Meg: So then how do you talk about the skills that are emerging? Do you describe them as ‘the emerging skills’ or ‘the next skills that he’s working on’, as opposed to describing them as ‘things he can’t do and milestones he hasn’t met’?

Scott: I think our scores oftentimes — so when we’re administering a norm-referenced assessment, the descriptors on that norm-referenced assessment typically are not deficits, they’re descriptions of what the individual is doing, and this is across the lifespan. And we oftentimes make them deficits-based. So, the score itself in an evaluation kind of documents what that challenge is, or what that difference is.

We can talk to families about —or other caregivers — about what the next steps are that we anticipate. We can talk about skills that we observed, describe them on the observations, or if it’s a play-based assessment and we are working on, say sequencing, or we’re working on some other activity and play color sorting. You know, “He’ll sort for two colors. When we attempted three colors, he was unable to sort four of the five.” So that quantitative factor, the factualness of it, is being descriptive without judgment. Without just leaving it as, “He is unable to.”

Meg: I see, because a lot of therapists would say, “Demonstrated delay in color sorting,” or, “Unable to complete age appropriate color sorting activities.”

Evan: And not, “Was unable to,” yeah, “Was unable to sort three colors,” and just leave it at that.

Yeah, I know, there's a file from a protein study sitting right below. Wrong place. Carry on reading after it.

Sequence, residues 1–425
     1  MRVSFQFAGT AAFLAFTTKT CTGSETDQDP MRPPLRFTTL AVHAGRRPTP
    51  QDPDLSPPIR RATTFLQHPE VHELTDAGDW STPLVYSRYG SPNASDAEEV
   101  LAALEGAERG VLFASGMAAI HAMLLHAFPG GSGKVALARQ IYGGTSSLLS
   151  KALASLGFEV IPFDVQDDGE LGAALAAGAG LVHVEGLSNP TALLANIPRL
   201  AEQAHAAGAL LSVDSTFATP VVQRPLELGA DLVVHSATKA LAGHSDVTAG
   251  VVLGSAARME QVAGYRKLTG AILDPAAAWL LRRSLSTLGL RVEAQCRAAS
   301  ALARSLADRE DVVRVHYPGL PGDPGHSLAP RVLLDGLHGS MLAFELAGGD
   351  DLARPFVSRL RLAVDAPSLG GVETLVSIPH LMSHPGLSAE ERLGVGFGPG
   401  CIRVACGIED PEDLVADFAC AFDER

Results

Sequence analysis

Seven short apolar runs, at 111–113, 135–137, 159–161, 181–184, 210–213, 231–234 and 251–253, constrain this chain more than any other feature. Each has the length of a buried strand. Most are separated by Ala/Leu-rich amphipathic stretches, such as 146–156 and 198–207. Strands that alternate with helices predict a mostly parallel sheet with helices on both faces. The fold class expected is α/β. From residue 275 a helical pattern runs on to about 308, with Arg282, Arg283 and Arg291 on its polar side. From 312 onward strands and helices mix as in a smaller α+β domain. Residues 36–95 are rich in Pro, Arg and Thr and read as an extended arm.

Meg: Okay, so, “Here’s what he did when presented with this skill, here is what he did.” Scott when you say score, were you talking about on standardized evaluations?

Scott: Yes.

Meg: Okay, so you’re saying that on the standardized evaluations, we tend to score what they can do and then it’s our interpretation that frames it as a deficit.

Scott: Right. Or we go on in our reports to say things like, “He demonstrated the ability to do X, Y, and Z,” and then we list those next 18 skills on that norm-referenced assessment that the individual didn’t demonstrate.

Meg: Gotcha. Okay.

Scott: And so that’s how we get out of that balance, or we kind of counter-balance or over-balance the strengths by really focusing on all of these things that we think third-party payers need to see to justify the need for intervention.

Evan: And when Scott said providing some great examples, I wanted to provide an example from an older student perspective also. And thinking about, you know — I’ve seen OT’s and teachers write things around independence also. We may write a goal that, you know, “This child is not independent in their math work, math homework or something,” instead of writing, “When using a peer support, when another student is sitting close to them and explaining the problem, they can answer the question.” So, we kind of get away from this idea of independence, but really think about under what conditions is the person successful, and describe those so then we can better understand how to support this person to be successful.

Meg: This is so helpful. So, what I’m hearing you all say is that we can describe the skills, the child has without the ‘but’ — “They do this, but they can’t do that.” Describe them. “Here’s what they can do,” when presented with something else, “Here’s what we gave them. Here is how they responded.” Not that they didn’t do it, but that they left the table or that they — like you said, sorted three out of four colors, acted out one pretend play action and then left the table, whatever it might be that they did.

And then Evan, you’re saying if we dug deeper and figured out what kind of supports the child needed to be successful, we can also describe those. That the child is able to work the cash register at his job site, I guess an adolescent in this case, given X-Y-Z supports. Awesome.